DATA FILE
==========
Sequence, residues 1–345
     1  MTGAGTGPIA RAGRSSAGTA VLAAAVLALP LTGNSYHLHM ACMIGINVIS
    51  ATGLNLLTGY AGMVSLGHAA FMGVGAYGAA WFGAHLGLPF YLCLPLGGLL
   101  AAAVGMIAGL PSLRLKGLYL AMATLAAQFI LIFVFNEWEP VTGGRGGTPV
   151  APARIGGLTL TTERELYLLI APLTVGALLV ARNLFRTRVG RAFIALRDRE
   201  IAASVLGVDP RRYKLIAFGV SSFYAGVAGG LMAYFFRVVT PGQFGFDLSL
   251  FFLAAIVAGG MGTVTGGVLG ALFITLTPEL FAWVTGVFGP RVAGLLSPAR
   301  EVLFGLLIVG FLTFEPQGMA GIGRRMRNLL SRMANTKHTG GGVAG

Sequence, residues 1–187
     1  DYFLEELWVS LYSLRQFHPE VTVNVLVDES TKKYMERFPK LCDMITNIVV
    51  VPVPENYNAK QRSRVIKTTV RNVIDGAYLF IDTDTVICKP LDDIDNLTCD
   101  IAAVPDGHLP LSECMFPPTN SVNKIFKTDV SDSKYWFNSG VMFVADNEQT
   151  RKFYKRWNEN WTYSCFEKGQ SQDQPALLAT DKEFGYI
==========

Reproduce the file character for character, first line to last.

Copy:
Sequence, residues 1–345
     1  MTGAGTGPIA RAGRSSAGTA VLAAAVLALP LTGNSYHLHM ACMIGINVIS
    51  ATGLNLLTGY AGMVSLGHAA FMGVGAYGAA WFGAHLGLPF YLCLPLGGLL
   101  AAAVGMIAGL PSLRLKGLYL AMATLAAQFI LIFVFNEWEP VTGGRGGTPV
   151  APARIGGLTL TTERELYLLI APLTVGALLV ARNLFRTRVG RAFIALRDRE
   201  IAASVLGVDP RRYKLIAFGV SSFYAGVAGG LMAYFFRVVT PGQFGFDLSL
   251  FFLAAIVAGG MGTVTGGVLG ALFITLTPEL FAWVTGVFGP RVAGLLSPAR
   301  EVLFGLLIVG FLTFEPQGMA GIGRRMRNLL SRMANTKHTG GGVAG

Sequence, residues 1–187
     1  DYFLEELWVS LYSLRQFHPE VTVNVLVDES TKKYMERFPK LCDMITNIVV
    51  VPVPENYNAK QRSRVIKTTV RNVIDGAYLF IDTDTVICKP LDDIDNLTCD
   101  IAAVPDGHLP LSECMFPPTN SVNKIFKTDV SDSKYWFNSG VMFVADNEQT
   151  RKFYKRWNEN WTYSCFEKGQ SQDQPALLAT DKEFGYI